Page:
Posts Tagged ‘Between the Buried and Me’
The Parallax II: Future Sequence is Between the Buried and Me’s followup to last year’s The Parallax: Hypersleep Dialogues EP (see review). In that review, I hailed BtBaM as a metal band deserving of inclusion among the genre’s biggest and best. And coming off an enjoyable EP with the promise of a full-length sequel, I thought circumstances were shaping up for the band to release a truly epic and defining work.
Sadly, The Future Sequence didn’t live up to my expectations on that end.
It’s hard to fault a band just because they didn’t release a gold-standard record, but when a career surely seems headed in that direction and they essentially release another album of the same stuff, it feels like a car stalling out.
Actually, scratch that – make it a giant battle tank stalling out, because The Future Sequence is a monstrous 73 minute slab of music, which, for a band that has made a career of writing weighty and lengthy pieces, is still almost ten minutes longer than their prior longest effort! It’s packed full of all the BtBaM trademarks, but it’s near impossible to swallow this thing whole without thinking at some point, “Come on, when are the new ideas gonna be unleashed?!”
There should be no mistaking that Between The Buried And Me has ascended heavy metal’s mountaintop and claimed a spot as one of the genre’s titans.
They’re less known than the gods in Mastodon and Tool, but they deserve a spot at the progressive metal roundtable nonetheless.
What BtBaM brings to said table is an unflinching brutality that sets them apart from their more mainstream peers. This makes them a tough but rewarding listen. They have a new conceptual EP – The Parallax: Hypersleep Dialogues – out now that is a precursor to a full fledged album due out sometime next year.
It picks up stylistically right where their last album, The Great Misdirect, left off, and it’s a perfect way to keep the band in the spotlight until they unleash what is sure to be another slab of vicious metal.
Generally when magazines or websites have contests designed to choose an unsigned band and provide them with some extra exposure, it’s just an excuse to run subtle advertising for some company, and the band tends to be either thoroughly mediocre at best or downright crappy at worst.
That’s not the case with Iron Thrones, who recently won the Scion No Label Needed Contest that was hosted by MetalInsider.net. Sure, the contest was an attempt to sell more cars from Scion’s perspective, but that’s fine with me because the winner, for once, is actually pretty good.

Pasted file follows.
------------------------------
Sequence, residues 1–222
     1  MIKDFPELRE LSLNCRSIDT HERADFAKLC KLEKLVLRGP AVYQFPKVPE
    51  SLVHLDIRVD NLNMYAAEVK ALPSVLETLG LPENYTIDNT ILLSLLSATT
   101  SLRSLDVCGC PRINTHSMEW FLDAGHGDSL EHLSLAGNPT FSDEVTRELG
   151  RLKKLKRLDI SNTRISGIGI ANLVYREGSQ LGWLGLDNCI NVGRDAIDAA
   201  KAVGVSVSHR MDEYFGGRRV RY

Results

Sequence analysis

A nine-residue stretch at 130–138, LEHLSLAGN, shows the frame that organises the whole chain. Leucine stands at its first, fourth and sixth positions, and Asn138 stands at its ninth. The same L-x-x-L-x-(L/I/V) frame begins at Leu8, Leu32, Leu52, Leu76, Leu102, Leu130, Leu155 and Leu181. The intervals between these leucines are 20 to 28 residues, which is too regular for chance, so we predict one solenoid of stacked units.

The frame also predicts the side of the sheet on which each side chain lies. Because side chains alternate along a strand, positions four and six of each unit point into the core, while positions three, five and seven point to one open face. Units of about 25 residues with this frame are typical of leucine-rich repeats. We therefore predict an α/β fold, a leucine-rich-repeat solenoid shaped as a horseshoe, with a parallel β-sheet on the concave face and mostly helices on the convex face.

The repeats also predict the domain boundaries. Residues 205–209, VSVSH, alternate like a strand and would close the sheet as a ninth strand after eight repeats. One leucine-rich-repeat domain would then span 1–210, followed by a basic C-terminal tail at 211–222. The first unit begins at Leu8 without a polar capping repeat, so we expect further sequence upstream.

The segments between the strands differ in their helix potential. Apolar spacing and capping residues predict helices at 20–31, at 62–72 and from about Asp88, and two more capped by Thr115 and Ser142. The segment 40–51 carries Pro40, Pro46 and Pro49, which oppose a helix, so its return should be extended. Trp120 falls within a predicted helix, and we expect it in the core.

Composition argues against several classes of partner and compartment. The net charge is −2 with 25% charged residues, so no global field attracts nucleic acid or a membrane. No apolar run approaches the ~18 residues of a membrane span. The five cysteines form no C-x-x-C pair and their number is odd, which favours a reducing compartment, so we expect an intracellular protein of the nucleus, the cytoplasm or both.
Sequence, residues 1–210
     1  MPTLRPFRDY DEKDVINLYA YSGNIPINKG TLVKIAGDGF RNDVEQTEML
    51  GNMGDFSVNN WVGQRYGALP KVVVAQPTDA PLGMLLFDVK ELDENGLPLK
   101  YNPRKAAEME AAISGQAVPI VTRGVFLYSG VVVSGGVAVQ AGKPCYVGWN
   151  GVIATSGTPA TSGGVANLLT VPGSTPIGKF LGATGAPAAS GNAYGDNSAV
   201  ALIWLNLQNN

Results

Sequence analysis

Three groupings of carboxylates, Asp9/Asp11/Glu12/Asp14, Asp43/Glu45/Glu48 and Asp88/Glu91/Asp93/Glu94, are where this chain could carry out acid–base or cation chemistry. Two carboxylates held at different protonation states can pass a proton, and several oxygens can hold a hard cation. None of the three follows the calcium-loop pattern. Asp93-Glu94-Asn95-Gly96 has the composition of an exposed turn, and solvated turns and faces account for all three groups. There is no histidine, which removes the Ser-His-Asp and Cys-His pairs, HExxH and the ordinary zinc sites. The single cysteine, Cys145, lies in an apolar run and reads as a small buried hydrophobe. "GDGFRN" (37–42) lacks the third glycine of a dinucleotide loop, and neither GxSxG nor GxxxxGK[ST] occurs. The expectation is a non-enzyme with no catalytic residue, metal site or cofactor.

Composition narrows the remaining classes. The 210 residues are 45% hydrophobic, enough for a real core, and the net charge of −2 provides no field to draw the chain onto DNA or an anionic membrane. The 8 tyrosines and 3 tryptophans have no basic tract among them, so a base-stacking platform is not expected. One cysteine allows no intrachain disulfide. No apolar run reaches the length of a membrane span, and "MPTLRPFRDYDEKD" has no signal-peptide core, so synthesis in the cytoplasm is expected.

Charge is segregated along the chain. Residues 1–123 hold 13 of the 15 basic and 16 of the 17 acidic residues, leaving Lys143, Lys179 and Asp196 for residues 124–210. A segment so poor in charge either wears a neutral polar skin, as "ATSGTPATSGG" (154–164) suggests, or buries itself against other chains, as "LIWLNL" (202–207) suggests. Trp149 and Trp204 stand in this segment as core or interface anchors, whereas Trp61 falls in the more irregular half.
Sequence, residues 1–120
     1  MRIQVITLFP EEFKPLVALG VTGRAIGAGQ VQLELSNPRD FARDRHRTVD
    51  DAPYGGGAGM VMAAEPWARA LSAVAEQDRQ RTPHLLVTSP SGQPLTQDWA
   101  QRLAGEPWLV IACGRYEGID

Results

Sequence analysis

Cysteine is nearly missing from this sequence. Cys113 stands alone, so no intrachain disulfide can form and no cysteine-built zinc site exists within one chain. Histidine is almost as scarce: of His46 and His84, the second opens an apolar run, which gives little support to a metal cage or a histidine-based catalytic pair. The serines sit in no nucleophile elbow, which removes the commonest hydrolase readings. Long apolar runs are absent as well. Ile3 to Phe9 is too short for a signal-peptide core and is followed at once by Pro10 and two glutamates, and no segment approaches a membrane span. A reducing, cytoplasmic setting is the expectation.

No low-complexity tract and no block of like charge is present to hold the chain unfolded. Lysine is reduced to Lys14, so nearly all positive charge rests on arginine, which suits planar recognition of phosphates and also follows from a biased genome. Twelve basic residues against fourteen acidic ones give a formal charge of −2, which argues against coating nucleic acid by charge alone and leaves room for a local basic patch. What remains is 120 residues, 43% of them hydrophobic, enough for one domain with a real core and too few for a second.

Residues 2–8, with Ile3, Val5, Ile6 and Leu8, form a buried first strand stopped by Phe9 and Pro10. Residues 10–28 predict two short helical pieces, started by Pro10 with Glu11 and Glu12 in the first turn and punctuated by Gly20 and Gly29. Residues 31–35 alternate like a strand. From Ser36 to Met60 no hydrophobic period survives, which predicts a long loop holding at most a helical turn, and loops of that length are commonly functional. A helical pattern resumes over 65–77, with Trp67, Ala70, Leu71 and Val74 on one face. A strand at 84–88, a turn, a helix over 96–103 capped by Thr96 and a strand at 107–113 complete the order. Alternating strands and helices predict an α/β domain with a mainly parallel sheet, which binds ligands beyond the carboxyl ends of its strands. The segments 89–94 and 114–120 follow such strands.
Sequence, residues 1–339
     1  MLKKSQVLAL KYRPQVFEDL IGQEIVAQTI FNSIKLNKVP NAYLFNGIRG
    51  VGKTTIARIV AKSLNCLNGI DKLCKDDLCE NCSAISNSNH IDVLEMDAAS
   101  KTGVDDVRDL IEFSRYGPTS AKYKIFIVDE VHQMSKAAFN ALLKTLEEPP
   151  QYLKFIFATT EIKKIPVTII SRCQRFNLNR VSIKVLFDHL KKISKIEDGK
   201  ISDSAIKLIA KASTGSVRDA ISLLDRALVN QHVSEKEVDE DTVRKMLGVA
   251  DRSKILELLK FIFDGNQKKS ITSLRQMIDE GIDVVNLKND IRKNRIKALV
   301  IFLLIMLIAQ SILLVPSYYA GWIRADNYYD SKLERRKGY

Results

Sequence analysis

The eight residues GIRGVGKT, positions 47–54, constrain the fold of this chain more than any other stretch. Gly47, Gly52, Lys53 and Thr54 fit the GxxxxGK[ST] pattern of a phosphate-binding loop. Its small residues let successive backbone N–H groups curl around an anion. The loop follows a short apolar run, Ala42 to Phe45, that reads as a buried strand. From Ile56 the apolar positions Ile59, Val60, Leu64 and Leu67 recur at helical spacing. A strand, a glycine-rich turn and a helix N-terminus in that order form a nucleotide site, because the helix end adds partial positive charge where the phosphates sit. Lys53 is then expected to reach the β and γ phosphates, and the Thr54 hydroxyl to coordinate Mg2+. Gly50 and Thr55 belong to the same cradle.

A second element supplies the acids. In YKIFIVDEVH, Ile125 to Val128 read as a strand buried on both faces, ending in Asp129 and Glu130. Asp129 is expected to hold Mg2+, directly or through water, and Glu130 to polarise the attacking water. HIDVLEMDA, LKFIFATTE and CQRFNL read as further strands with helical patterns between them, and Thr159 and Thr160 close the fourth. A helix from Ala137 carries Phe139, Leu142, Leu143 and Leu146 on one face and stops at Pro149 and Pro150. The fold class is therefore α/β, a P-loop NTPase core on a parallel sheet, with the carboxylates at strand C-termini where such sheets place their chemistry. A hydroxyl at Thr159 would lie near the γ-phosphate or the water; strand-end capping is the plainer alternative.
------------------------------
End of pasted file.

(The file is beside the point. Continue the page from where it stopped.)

As the winners of this contest, Iron Thrones not only got their new 6-song EP, The Wretched Sun, recorded in a professional studio with a well-known producer, but they also met the guys in Shadows Fall in order to get career advice, took part in a professional photo shoot and subsequent press campaign, and received a new website redesign among many other things that bands signed to a big label probably take for granted.
Mastodon are currently on an awesome tour with Baroness and Between the Buried and Me. Unfortunately, they were forced to postpone their recent show in Rochester, NY – apparently due to guitarist Bill Kelliher’s hospitalization. According to MetalSucks, the venue’s website said the postponement was due to “an ongoing illness with Mastodon guitarist Bill Kelliher.”
Obviously, no one can be sure what that ongoing illness is, but it should be remembered that Kelliher suffers from alcoholism and was forced to leave the band’s European Unholy Alliance Chapter III Tour in 2008 when he was hospitalized with an illness related to drinking. It would be pretty devastating if he fell off the wagon and had to deal with this problem from square one again. But again, no one really knows why he had to be hospitalized this time.
It seems as if the tour will be trudging on without him, and they will likely get someone to fill in while he’s gone. [UPDATE: Thanks to MetalSucks, we now know that Peter Adams and John Baizley from Baroness each performed two songs with Mastodon (the first four songs on Crack The Skye). After that, the band continued on as a three-piece.]
Casual observers may think that Brent Hinds is the guitar wizard of the band, and he is that, don’t get me wrong. But Kelliher is a monster in his own right. A lot of people don’t really notice him because he stays off to the side almost in the shadows and doesn’t play many solos, but his rhythm sections are insane. And anyone who’s seen him play “Seabeast” live knows what I’m talking about. Get well soon, Bill.